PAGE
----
The main advantage of having no readership is that I have very few restrictions on what to write about.
(the main disadvantage is obvious)
So in this post, I would like to tell a short zen story -
On my first drawing lesson (sketching, to be precise) my teacher gave me the task of copying a grayscaled painting with coal (coal is easy to erase and is good for beginners). The painting featured the face of a girl. As most people would, I started by outlining her face and hair, positioning her nose, shaping her eyes, and went on to coloring the paper to match the tones on the painting. I already spent a hour and a half working on the drawing yet naturally it was disfigured. The teacher did not seem to care much about this. Instead he remarked that in the painting the eyes are not outlined, nor is the face. He also remarked about the incorrect differences in tones. Then he said "this drawing is stuck", took a small cloth and smeared the drawing, erasing most details and leaving only the general shape and tone. An hour and a half of work was ruined, and I was in shock. But I kept an open-mind and listened to his instructions. Here they are, partly in my own words and commentary, but in the same spirit:
1. Avoid detail. Anything you can't see when reducing your eyes is not important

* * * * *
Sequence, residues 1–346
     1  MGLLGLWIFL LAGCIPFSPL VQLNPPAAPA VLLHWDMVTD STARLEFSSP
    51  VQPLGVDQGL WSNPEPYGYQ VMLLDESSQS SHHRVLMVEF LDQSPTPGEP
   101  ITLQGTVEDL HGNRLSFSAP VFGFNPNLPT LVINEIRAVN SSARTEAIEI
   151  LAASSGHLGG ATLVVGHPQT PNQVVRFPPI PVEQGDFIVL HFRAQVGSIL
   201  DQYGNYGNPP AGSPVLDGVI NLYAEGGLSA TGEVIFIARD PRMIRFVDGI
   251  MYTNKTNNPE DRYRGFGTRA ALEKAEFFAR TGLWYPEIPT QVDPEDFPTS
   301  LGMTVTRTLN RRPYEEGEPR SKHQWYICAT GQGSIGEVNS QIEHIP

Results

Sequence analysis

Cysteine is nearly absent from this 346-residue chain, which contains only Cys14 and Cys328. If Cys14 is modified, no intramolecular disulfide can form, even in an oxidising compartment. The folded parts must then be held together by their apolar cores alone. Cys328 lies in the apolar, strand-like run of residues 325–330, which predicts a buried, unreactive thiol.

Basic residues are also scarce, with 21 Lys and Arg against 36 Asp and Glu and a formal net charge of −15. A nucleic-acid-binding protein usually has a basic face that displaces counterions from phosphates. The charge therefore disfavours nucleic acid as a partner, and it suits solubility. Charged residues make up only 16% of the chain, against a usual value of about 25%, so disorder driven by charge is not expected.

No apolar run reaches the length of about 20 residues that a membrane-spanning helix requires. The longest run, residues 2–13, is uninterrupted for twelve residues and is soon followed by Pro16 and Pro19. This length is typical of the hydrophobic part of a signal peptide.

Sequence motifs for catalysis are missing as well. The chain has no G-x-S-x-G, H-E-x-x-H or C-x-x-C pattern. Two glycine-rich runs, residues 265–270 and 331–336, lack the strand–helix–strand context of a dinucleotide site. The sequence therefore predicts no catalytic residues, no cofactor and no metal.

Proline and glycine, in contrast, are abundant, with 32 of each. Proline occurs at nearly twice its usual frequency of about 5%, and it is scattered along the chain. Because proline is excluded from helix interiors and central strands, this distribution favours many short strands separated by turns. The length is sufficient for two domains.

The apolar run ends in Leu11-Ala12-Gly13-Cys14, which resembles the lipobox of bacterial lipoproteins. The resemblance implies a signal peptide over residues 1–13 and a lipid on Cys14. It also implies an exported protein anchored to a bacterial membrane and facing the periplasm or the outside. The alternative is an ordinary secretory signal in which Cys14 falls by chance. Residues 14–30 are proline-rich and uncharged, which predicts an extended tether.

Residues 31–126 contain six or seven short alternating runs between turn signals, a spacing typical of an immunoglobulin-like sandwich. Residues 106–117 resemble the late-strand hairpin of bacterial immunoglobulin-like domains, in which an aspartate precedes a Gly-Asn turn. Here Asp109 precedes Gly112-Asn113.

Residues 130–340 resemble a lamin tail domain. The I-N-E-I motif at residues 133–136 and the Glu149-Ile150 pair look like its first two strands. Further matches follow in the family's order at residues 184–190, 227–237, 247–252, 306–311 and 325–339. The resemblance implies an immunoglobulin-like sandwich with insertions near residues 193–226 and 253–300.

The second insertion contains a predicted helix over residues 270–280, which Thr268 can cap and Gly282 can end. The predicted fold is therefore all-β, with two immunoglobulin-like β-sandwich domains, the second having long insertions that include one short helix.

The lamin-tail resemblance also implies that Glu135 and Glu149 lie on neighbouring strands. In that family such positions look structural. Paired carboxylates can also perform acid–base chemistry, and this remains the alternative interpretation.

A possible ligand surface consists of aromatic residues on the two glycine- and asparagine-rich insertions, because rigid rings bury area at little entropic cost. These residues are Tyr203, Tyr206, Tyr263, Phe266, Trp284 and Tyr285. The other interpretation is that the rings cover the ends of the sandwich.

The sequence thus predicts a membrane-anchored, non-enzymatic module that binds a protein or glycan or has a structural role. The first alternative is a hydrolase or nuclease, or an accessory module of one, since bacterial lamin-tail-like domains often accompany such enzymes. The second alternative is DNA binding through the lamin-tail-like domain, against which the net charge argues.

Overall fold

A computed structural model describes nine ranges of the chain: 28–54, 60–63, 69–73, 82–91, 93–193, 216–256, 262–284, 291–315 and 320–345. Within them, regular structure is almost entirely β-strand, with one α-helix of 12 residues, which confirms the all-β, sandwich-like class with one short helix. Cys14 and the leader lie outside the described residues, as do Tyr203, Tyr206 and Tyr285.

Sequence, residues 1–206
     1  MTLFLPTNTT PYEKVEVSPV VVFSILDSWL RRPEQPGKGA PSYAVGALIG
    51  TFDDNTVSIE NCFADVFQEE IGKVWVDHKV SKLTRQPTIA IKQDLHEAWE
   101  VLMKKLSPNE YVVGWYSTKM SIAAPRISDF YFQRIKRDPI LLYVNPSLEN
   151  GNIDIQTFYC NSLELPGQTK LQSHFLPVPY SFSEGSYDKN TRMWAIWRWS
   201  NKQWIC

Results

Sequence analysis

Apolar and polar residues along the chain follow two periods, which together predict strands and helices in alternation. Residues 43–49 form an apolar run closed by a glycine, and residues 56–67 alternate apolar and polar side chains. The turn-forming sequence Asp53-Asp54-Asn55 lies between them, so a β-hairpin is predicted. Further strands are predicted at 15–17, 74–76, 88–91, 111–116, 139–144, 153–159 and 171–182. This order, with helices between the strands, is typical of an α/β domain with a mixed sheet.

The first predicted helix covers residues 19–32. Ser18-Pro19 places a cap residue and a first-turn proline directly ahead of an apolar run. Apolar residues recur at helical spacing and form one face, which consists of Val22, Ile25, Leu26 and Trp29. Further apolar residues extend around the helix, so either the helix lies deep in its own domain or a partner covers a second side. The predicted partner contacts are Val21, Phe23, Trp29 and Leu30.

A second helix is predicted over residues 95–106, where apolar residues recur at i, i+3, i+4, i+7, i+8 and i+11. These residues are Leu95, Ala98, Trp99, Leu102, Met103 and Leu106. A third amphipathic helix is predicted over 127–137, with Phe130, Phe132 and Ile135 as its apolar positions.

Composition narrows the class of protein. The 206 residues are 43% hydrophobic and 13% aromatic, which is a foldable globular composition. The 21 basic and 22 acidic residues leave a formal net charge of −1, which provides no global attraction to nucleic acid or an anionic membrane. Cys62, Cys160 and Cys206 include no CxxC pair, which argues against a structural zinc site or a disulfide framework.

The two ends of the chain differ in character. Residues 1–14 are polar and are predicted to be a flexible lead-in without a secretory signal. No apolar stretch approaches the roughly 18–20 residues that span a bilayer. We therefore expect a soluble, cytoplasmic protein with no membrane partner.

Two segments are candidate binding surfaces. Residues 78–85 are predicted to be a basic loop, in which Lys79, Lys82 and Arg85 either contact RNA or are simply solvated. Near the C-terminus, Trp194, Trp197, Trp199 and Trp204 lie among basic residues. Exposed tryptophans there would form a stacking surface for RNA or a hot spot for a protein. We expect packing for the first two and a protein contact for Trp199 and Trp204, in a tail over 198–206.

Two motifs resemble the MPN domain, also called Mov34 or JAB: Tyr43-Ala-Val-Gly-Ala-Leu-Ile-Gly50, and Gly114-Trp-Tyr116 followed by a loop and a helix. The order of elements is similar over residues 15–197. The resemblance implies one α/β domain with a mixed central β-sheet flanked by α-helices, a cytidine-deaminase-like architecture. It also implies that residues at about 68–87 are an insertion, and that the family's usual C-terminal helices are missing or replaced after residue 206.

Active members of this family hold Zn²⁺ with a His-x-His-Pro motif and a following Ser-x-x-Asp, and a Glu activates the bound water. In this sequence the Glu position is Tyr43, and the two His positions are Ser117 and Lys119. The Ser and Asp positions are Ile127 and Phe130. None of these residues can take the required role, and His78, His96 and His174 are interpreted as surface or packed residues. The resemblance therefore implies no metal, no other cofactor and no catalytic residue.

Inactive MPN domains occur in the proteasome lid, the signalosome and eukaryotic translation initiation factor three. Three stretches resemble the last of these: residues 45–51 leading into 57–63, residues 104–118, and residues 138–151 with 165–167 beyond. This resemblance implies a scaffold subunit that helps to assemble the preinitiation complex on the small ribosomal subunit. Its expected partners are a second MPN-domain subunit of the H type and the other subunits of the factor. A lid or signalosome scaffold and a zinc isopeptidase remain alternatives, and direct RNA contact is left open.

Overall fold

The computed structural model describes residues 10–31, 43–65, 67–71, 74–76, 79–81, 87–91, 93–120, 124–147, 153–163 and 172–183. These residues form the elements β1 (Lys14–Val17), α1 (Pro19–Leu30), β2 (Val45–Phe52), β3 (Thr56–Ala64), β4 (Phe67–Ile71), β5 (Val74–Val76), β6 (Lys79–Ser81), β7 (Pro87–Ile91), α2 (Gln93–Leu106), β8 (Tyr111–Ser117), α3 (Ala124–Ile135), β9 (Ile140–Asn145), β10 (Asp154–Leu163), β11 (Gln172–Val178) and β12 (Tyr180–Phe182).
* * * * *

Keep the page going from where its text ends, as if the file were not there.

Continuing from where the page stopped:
2. Your sight is biased. To be correct you have to compare elements to other elements (elements being location, size, color, etc.).
3. Observe. Spending time on understanding the drawing (the relationships of elements) will save you time when drawing.
He said this before but it only made sense at that point. And so I resumed drawing, trying to keep these rules. I was amazed by two things: How quickly I managed to reconstruct the painting, and how convincing it looked without any real detail. And so, I learned several things:
1. Your internal model is harder to construct than the drawing. Spend more time on observing, and you will spend less time on the drawing.
2. Detail distracts you from the more important problems.
3. Keep detail to the end. If you start from it, you will never get it right.
If you remember the title, you must ask yourself what all this has to do with programming. Well, as I returned home from the lesson I had some time to contemplate and I remembered a time when a friend and I had to teach someone how to program. This was at work, so that someone was committed. Among the teachings we conjured up an exercise which was supposed to bring the "student" to the right spirit. The right spirit, or as we called it, the "programming zen", was very important to us. The exercise was this: The student was given a programming problem which he had to solve. After making sure that he completes the program correctly and that the code is of high quality, we order him to erase the program (and any copy) from his computer.
This seemingly cruel exercise was meant to give the following lesson: Code is not important. What's important is your knowledge and your understanding of it. Once you solve a problem once, you can solve it again without an effort.
This was what I remembered, and I then realized that I have been taught what I tried to teach someone else some time ago, and it applies to both drawing and programming:
Your internal model is harder to construct than the output, and is also more important. Spend more time understanding the problem, and you will spend less time on implementing it.
I believe the other tips and learnings mentioned here also apply to programming, but these are stories for another time.